Police fire tear gas in clashes with yellow-vest protestors
Clashes broke out between dozens of demonstrators and police in Paris on the 23rd Saturday of yellow–vest protests after authorities warned that rioters could return to the French capital to spark a new wave of violence.
Dozens of hooded demonstrators threw rocks at police and some set fire to scooters and rubbish bins in the centre of the French capital, according to Reuters TV footage.
Police responded by firing tear gas and stun grenades. Some officers also marched toward demonstrators to control the crowd and funnel it to Paris’ Place de la République, where most of the demonstrators were contained in the late afternoon.
As of the 1pm local time, a total of 9,600 people were demonstrating across France, including 6,700 in Paris, the interior ministry said.
This is more than last week’s protest, which drew 7,500 demonstrators, but represents only a fraction of the record 282,000 estimated on November 17th, the first day of the protests.
As of 2pm, 110 people had been arrested and placed in custody, the Paris prosecutor’s office said.
Several demonstrators alluded to the catastrophic fire at Notre-Dame Cathedral on Monday, which prompted an outpouring of national sorrow and a rush by wealthy families and corporations to pledge around €1 billion for its reconstruction.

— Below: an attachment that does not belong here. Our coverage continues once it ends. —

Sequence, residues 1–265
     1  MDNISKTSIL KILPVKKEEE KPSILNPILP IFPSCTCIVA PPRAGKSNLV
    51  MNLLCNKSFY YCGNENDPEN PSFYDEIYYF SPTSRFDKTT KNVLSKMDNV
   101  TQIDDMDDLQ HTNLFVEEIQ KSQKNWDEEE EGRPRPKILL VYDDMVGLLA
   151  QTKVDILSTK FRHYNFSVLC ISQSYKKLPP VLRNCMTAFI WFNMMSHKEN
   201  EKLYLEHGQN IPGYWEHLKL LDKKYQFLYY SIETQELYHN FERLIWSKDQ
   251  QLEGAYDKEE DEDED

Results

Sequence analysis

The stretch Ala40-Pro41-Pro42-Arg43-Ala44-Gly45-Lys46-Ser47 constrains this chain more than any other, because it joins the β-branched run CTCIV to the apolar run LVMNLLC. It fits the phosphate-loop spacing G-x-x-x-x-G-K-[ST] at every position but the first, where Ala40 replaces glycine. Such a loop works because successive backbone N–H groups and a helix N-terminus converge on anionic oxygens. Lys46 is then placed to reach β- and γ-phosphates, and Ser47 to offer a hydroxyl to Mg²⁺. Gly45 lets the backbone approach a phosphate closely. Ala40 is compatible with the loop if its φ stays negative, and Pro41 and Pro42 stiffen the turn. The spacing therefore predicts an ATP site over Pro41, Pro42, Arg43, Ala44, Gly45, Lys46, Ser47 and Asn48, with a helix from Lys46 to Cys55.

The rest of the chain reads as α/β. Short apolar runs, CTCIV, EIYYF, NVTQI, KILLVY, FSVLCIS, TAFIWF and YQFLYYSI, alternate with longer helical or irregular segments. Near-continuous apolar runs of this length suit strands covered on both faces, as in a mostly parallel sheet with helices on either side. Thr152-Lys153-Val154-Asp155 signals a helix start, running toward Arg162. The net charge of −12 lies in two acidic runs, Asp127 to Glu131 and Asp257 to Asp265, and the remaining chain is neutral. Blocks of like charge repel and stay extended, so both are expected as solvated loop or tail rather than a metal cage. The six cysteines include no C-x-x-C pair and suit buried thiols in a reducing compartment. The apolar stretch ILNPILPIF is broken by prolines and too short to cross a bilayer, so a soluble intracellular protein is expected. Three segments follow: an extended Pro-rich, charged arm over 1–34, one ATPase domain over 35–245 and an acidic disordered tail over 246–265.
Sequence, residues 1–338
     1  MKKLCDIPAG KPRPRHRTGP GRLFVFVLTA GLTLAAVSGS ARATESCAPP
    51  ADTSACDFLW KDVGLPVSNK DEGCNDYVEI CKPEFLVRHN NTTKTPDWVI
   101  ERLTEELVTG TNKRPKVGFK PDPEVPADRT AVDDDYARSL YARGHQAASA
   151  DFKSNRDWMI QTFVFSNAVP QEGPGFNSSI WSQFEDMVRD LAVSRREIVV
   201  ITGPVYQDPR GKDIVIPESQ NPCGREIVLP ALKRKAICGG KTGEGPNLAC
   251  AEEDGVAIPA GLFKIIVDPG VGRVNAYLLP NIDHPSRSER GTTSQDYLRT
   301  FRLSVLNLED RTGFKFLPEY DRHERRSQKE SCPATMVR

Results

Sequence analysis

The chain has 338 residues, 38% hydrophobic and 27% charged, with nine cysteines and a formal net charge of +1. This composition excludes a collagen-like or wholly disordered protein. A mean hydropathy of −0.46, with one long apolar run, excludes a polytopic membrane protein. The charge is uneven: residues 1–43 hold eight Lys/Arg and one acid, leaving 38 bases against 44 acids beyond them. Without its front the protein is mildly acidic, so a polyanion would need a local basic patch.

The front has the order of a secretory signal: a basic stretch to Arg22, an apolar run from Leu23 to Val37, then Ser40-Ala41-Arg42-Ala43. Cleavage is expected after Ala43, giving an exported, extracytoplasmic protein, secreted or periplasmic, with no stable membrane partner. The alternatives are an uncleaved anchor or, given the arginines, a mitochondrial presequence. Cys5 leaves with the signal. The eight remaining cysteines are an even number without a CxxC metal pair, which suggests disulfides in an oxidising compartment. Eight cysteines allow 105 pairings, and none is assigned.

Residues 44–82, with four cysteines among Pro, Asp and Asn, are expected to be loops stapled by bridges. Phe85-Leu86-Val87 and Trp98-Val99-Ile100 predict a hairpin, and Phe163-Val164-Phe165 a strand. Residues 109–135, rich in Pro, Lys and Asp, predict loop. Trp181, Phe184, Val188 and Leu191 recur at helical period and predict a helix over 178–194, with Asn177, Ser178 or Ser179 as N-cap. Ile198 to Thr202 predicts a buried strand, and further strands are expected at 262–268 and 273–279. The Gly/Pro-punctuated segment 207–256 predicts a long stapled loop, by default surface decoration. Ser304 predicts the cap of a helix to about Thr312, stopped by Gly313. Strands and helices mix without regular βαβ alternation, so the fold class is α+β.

“Millions for Notre Dame, what about for us, the poor?” read a sign worn by a demonstrator. “Everything for Notre Dame, nothing for the misérables,” read another sign that evoked Victor Hugo’s well-known novel.
The city was on high alert after Christophe Castaner, the interior minister, said domestic intelligence services had informed him of a potential return of rioters intent on wreaking havoc in Paris, Toulouse, Montpellier and Bordeaux, in a repeat of violent protests which took place on March 16th.
Police also fired tear gas in the city of Toulouse, where thousands of people were demonstrating, including hundreds of motorcyclists holding a large banner asking for president Emmanuel Macron’s resignation.
There were about 1,500 to 2,000 people demonstrating in the streets of Bordeaux, according to a Reuters witness.
The yellow-vest protests erupted in mid-November 2018 over fuel price hikes and the high cost of living but spiralled into a broader movement against Mr Macron and his drive for economic reforms.
The French leader was due to unveil policies to quell the grassroots movement on Monday before the blaze at Notre Dame forced him to cancel the speech. He is now set to make his announcements next Thursday. – Reuters